The battle over digital privacy and the removal of unwanted online ads

You know those annoying ads that you get when you’re browsing the net? Wouldn’t it be great if you could opt out, so that your internet experience was unencumbered by interruptions? Unfortunately, most internet browsers make it deliberately difficult to do so.

Here is an example of what happens when you try to make use of the option to opt out of receiving unsolicited adverts.  

Consider this experience from December 2011. You visit a Yahoo! sports page and see an

ad from Target stores that has the advertising option icon on its top right corner. You might

not notice the icon: on Yahoo!, for example, it is a tiny gray drawing next to the word

“AdChoices,” also in gray. But say you do, and you click to learn more. Clicking on the icon

next to an ad promoting “One Odd Trick to Stay Asleep at Night” in late 2011 leads to a page

served by Yahoo! (not Evidon or TrustE, in this case) that, confusingly, has nothing to do

with the ad. It is a Yahoo! Privacy page titled “AdChoices: Learn More About This Ad”

(Yahoo! 2011). The page is divided into two parts, one “for consumers” and the other “for

advertisers and publishers.” The consumer-oriented part presents a preamble about how

“The Web sites you visit work with online advertising companies to provide you with advertising

that is as relevant and useful as possible.” It then has three major bullets: who placed this ad?

(The answer: Yahoo!) Where can I learn more about how Yahoo! selects ads? (The answer:

a link to a page about Yahoo!’s “privacy and advertising practices.”) What choices do I

have—about interest-based advertising from Yahoo!? (The answer: a link to see the “interestbased

categories” Yahoo! uses to serve you ads as well as to add to the list or opt out.) Click

on the link to the choices, and you may see that Yahoo! has tagged you in a few, or several,

from among hundreds of interest categories.

Yahoo! is following the rules, and the rules say that it does not have to give detailed explanations

about data mining or tracking right after you click on the icon. What Yahoo! actually

says may sounds quite innocuous, so a person might not find it worth the time to take additional

action. Let us assume, though, that you decide to opt out of the company tracking you.

You find a lot of language on the page and successive links that try to dissuade you. A prominent

“Learn More!” notice on the AdChoices web page exhorts you to follow a link to “Find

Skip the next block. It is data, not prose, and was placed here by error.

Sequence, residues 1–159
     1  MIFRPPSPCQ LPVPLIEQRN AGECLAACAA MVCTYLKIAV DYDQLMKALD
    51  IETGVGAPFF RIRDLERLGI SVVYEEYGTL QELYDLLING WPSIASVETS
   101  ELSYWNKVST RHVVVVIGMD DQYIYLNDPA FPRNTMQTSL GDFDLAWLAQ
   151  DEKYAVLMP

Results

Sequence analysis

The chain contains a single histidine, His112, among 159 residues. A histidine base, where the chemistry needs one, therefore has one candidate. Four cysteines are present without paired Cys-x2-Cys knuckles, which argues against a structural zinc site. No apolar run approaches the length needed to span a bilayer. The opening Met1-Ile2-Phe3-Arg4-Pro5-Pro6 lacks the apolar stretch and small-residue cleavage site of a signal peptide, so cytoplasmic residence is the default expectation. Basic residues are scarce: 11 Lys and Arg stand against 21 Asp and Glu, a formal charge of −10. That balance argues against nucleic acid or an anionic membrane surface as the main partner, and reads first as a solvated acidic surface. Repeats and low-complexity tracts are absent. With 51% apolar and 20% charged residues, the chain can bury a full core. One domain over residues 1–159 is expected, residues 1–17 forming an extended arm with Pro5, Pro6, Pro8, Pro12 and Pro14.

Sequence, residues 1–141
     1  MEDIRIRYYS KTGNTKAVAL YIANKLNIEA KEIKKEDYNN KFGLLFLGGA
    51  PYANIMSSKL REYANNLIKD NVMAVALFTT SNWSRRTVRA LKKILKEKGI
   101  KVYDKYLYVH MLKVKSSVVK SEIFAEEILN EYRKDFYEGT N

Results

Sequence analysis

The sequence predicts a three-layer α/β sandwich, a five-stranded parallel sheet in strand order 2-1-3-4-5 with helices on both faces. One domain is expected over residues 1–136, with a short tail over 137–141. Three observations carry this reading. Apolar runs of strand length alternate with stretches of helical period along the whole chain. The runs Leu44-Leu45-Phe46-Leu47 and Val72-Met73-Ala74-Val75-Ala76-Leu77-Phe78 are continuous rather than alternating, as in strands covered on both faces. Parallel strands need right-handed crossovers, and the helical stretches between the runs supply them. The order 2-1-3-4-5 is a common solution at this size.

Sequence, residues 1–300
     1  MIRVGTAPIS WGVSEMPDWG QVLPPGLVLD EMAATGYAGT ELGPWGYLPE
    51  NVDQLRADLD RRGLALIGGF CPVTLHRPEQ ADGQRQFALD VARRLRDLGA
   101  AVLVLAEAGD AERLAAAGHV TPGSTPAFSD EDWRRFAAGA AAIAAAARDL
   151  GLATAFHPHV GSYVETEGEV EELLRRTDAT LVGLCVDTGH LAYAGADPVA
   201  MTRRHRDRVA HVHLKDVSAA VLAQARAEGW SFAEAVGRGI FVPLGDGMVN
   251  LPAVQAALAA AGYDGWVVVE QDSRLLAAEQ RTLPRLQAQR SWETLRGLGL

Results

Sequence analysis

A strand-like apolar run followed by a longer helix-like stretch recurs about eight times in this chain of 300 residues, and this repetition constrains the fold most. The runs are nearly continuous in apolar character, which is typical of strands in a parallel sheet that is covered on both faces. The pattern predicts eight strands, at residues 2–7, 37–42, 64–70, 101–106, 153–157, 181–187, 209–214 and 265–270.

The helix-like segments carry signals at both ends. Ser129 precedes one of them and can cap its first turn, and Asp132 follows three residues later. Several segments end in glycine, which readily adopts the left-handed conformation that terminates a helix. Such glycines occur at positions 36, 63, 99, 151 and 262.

out how online advertising supports the free content, products, and services you use online.”

Another link takes you to the Network Advertising Initiative (NAI), which tells visitors at

the top that allowing cookies is “a way to support the websites and products you care about.”

Say you still want to stop Yahoo! from tracking you. As it turns out, you cannot do it. The

only thing that you can do is link to a part of the NAI site, where you can tell that company

and others that you do not want to receive their online behavioral ads. The company can still

track you with a cookie so that it can use what it learns about you in statistical analyses of web

users. The rules do not allow you to tell it to stop doing that. In fact, when you go to the

opt-out area (NAI 2011), the site cautions you that your action to stop the firm’s targeted ads

will not enable you to stop receiving advertising; it will simply result in ads that are not

relevant to your interests. In view of the limitations—that you will be continue to be tracked

and have irrelevant ads sent to you—why would many people click to opt out?

That, of course, is exactly what the Internet advertising industry hopes will happen. Advocacy

groups voiced indignation that an individual’s opting out via the icon meant only opting out

from being served “relevant” ads, not from being tracked and having data stored about them. The

FTC responded with a report in early 2012 that exhorted the industry to work toward genuine

options such as providing do-not-track instructions in browsers as well as through websites (Vega

and Wyatt 2012). As of late April 2012, though, the Alliance had not accepted browser technologies

that would allow do-not-track. Moreover, a click on an advertising icon next to a Ford ad

on Yahoo!’s website led to an Evidon site with the same disclaimers seen in December 2011.

(Extracted from Self regulation and the construction of media harms – Joseph Turow)






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